It was inevitable. Before the ink was even dry on the first reports in 2016 that Prince Harry was dating Suits star Meghan Markle, the Los Angeles native was already being hungrily compared to Diana, Princess of Wales.
Statuesque fashion lover? Tick. Avowed humanitarian? Of course. Mould-breaking woman intent on charting her own course? Bien sur.
Everyone and anyone who had even a passing acquaintance with the princess, from her one-time chef to her one-time bestie Sarah Ferguson, the Duchess of York, soon came out of the woodwork to speculate about whether Meghan would prove to be the natural heir to Diana's title of Queen of Hearts.
Because while the Queen and the rest of her musty lot might have watched the princess' trajectory from pale teenager to Versace-wearing Boudica with purse-lipped anger, the public adored her for it.
The world bore witness to her extraordinary transformation and we were beguiled time and again by her lusty commitment to making her royal platform count for something. She didn't just give a nice speech, sprout some platitudes and hope bad things in the world would become better.
No, she put on a pearl choker and went and smashed through feeble notions of propriety like a blow-dried Sherman tank, moving charitable mountains in Chanel midi-heels.
And not only Britain but the world unreservedly loved her for it.
Nearly five years on from those heady, innocent days when Meghan first appeared at Harry's side in her oversized white shirt, we are on the other side of the all-too-brief Sussex era and any notions of happily ever after have long since been dashed, it's still a question worth asking though.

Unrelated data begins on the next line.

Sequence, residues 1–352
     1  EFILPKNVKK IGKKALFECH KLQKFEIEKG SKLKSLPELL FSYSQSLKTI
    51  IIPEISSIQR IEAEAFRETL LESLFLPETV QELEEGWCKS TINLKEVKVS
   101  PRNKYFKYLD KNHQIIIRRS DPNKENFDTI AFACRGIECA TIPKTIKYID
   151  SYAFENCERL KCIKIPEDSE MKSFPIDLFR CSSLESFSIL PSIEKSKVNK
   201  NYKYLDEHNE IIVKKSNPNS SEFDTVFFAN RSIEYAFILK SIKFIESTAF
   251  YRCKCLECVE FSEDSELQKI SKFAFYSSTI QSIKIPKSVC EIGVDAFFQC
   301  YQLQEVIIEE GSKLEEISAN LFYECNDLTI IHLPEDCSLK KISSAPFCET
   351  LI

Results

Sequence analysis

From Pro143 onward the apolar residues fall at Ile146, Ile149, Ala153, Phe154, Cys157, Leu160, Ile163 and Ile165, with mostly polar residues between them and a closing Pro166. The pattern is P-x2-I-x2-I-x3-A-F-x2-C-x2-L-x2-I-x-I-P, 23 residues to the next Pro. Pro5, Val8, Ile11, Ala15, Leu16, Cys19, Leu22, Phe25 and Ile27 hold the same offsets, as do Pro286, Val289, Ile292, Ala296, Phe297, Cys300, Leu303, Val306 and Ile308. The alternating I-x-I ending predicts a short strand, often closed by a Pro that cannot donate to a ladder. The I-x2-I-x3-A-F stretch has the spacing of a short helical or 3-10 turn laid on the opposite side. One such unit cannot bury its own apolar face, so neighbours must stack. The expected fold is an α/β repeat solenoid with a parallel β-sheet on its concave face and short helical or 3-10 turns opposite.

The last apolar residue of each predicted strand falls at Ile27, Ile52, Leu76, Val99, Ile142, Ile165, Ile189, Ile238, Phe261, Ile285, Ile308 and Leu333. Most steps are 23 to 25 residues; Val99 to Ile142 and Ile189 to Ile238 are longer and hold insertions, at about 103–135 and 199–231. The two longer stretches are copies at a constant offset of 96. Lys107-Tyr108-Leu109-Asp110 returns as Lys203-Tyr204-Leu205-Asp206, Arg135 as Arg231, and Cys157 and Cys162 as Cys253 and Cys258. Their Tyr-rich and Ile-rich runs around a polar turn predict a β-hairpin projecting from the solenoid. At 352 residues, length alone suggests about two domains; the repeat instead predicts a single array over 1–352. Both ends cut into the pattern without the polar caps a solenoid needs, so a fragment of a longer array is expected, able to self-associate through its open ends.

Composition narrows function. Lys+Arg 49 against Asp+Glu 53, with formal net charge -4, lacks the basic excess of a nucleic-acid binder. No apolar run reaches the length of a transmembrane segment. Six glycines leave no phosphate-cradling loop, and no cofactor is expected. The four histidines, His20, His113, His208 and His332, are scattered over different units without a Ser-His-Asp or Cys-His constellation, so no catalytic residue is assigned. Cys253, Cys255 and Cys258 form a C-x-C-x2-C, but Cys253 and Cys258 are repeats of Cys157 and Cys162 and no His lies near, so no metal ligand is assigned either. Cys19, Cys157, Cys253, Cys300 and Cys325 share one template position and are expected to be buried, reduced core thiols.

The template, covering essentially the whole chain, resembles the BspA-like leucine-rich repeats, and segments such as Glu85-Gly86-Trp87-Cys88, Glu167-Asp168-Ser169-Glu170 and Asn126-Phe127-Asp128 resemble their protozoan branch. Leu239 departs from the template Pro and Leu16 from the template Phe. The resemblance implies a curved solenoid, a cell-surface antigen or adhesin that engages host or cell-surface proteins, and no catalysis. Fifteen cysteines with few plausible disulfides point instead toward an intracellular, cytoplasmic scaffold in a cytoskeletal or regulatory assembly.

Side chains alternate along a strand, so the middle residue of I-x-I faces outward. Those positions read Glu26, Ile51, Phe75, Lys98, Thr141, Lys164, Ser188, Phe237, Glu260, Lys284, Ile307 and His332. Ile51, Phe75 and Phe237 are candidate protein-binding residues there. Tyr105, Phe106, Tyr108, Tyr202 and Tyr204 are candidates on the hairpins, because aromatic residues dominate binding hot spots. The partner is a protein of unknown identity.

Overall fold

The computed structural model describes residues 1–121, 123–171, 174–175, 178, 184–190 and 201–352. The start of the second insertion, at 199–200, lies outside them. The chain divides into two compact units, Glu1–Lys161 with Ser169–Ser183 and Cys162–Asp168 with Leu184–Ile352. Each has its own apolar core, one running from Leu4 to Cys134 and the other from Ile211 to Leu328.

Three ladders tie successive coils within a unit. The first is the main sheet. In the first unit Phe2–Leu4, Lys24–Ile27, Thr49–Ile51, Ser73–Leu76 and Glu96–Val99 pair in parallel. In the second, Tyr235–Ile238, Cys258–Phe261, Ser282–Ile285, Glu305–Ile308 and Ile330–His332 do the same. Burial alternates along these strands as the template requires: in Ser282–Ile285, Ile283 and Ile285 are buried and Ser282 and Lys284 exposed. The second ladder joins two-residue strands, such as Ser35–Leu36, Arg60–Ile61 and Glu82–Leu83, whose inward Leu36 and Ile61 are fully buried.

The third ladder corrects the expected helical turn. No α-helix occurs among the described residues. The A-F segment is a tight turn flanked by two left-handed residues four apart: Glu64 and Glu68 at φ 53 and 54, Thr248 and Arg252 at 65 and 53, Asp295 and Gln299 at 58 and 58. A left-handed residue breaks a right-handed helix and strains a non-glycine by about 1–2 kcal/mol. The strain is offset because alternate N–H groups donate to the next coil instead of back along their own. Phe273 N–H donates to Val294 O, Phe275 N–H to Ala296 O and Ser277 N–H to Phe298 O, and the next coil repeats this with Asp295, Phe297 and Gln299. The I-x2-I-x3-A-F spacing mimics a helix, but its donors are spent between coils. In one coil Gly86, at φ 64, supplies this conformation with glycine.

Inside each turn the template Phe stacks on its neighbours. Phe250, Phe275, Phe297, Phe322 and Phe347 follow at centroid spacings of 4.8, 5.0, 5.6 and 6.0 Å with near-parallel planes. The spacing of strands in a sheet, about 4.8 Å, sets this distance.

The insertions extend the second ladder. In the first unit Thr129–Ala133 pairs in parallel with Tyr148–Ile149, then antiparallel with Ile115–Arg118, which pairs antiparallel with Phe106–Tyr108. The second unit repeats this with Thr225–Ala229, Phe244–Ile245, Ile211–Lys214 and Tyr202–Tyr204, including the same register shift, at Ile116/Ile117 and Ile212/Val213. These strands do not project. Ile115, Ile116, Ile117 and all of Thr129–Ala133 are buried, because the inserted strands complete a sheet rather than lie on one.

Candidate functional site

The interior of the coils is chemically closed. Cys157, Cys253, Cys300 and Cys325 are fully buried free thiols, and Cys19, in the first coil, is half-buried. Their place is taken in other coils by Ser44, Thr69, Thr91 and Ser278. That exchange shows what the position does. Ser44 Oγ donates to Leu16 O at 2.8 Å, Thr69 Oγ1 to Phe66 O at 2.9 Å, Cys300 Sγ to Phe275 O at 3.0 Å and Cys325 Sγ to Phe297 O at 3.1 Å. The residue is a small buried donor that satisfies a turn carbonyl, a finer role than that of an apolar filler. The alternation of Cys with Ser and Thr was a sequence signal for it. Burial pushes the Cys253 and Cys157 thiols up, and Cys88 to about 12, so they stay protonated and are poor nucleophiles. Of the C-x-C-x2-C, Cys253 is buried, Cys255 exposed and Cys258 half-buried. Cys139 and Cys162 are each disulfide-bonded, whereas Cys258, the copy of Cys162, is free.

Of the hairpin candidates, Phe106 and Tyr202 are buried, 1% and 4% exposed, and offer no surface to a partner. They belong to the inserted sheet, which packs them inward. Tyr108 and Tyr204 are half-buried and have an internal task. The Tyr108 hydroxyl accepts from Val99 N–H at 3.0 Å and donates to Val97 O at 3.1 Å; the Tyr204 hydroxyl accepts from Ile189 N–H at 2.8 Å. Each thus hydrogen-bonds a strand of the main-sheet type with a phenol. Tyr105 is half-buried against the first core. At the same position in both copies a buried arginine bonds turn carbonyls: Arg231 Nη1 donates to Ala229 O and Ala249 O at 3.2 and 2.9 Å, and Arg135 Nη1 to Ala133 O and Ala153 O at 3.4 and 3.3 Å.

Did Meghan fail to live up to Diana's example? Did the actress-turned-duchess pass the Diana test?
From the outset way back in 2017 when Harry and Meghan got engaged, it looked like she would naturally assume Diana's mantle as the passionate, tradition-bucking, renegade and that she, like the princess, would approach her royal career driven by compassion.
From her very first official engagement, Meghan put on a positively Diana-esque display of the sort of tactile, deeply human version of royal life that the Princess of Wales had pioneered.
It soon became abundantly clear that Meghan had every intention of channelling Diana's passionate, vocal advocacy for issues close to her heart and that stiff upper lips and polite silence were not going to be options.
Women the world over cheered – here was our princess. Finally, here was a member of the royal family who brought with her the values and ideals that resonated with contemporary women, not a nude pair of pantyhose in sight.
But we all know how this story ends – in anger, hurt and duelling PR camps – and with the monarchy just having barely endured the convulsions triggered by the Sussexes' defection.
As the dust continues to settle post-Megxit though, one thing has come into focus – Meghan, no matter how hard she worked, no matter how much she tried, no matter how many hugs she dispensed and pensioners she charmed, she never really came close to winning the title of Queen of Hearts.
And part of the reason for that is that the public love Diana basked in was a direct result of how much definite, quantifiable good she did.
Looking back at the 20-months that the former actress was a working member of the royal family, the question is, what did she actually, tangible change, aside from courtiers' gin consumption?
In hindsight, Meghan's work, as hard as it was, did not fundamentally move the dial on any of her causes.